Quincalee Brown, Executive Director: American Association of University Women
Jean Shinoda Bolen, psychiatrist and author
Patricia Schroder, Member of the U.S. House of Representatives
Sheila Tobias, scholar and author
Anne Cahn, Executive Director: Committee for National Security
Sandra Porter, Executive Director: National Committee of Working Women
Ellen Goodman, syndicated newspaper columnist
Karen Mulhauser, Executive Director: Citizens Against Nuclear War
Shirley Chisholm, Member of the U.S. House of Representatives
Elizabeth Holtzman, Member of the U.S. House of Representatives, District Attorney in NY
Producer/Director: Vivienne Verdon-Roe. Editor: Michael Porter. You can purchase a DVD of this film by contacting info@EON3.net To reach the filmmakers: ViviVR@aol.com
“An activist is someone who makes an effort to see problems that are not being addressed and then makes an effort to make their voice heard. Sometimes there are so many things that it’s almost impossible to make your voice heard in every area, but you can sure try.” ~ Joanne Woodward
“When you recover or discover something that nourishes your soul and brings joy, care enough about yourself to make room for it in your life.” – Jean Shinoda Bolen
Coretta Scott King was active in the Civil Rights Movement as a young college student. King became a member of the NAACP after she was banned from student teaching while pursuing a graduate degree at Antioch College. When one of her supervisors told her that black teachers should not teach white students, she protested, and joined the NAACP on her campus as well as the the Young Progressives and the Civil Liberties Committee.
She was an advocate for human rights. In 1983, Mrs. King helped create the Coalition of Conscience. The organization is a collective of 800 human rights groups dedicated to promoting world peace. It sponsored the 20th and 25th anniversaries of the March on Washington.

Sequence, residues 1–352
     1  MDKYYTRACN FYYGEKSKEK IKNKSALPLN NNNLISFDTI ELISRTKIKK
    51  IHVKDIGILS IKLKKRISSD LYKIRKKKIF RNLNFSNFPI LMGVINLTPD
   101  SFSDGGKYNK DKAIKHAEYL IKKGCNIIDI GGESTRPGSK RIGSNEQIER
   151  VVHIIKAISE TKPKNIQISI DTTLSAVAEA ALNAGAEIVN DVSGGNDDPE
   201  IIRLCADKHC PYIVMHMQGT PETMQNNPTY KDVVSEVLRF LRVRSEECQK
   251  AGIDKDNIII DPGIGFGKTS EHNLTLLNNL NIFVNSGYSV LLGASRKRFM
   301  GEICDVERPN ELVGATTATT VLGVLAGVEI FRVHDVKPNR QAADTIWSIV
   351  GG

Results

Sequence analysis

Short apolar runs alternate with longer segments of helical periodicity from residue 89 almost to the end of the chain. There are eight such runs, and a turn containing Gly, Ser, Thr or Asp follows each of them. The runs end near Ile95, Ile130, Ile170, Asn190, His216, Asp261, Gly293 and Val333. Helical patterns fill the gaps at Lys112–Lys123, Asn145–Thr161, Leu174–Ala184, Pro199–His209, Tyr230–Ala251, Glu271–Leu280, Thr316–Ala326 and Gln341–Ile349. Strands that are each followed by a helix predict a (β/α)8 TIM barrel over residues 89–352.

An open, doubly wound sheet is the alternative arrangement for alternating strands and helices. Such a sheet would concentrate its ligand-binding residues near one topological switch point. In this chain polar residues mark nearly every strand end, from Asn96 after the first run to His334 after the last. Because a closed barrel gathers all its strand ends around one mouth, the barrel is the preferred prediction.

She was against apartheid. She was part of several protests against apartheid in South Africa, and lobbied for the release of Nelson Mandela. She traveled several times to the country to meet with anti-apartheid activists and to support black South Africans affected by state-sanctioned oppression. She was a staunch advocate of gun reform. King was against gun violence, and worked closely with gun control activists Sarah and Jim Brady to speak out on the need to reform the way people access and use guns in the United States.
She supported feminist causes. She played a vital role in the founding of the National Organization for Women, and was appointed by President Carter as a commissioner on the National Commission on the Observation of International Women’s Year. She was an LGBT ally. King described homophobia as “a form of bigotry in that it seeks to dehumanize a large group of people, to deny their humanity, their dignity and personhood.” Despite her ties to the Baptist church, she worked to raise awareness specifically in the black community about the lives of gay and trans people. At the height of the HIV/AIDS epidemic she called for more funding and research and in 1983 she lobbied for an amendment of the Civil Rights Act to include members of the LGBT community in the Protected class, which includes women and people of color.
She kept her husband’s legacy alive through her own activism. After her husband’s death, King founded the Martin Luther King Jr. Center for Nonviolent Social Change in Atlanta, Georgia, and served as its president for more than a decade. She also tirelessly lobbied for a national holiday celebrating her husband’s life after his death. In 1983, she successfully got Congress to pass an act in favor of the holiday, which was first celebrated in 1986. (the above mini-bio was sourced from Huffington Post)
Silenced by the Senate, Elizabeth Warren explains why she opposes Sessions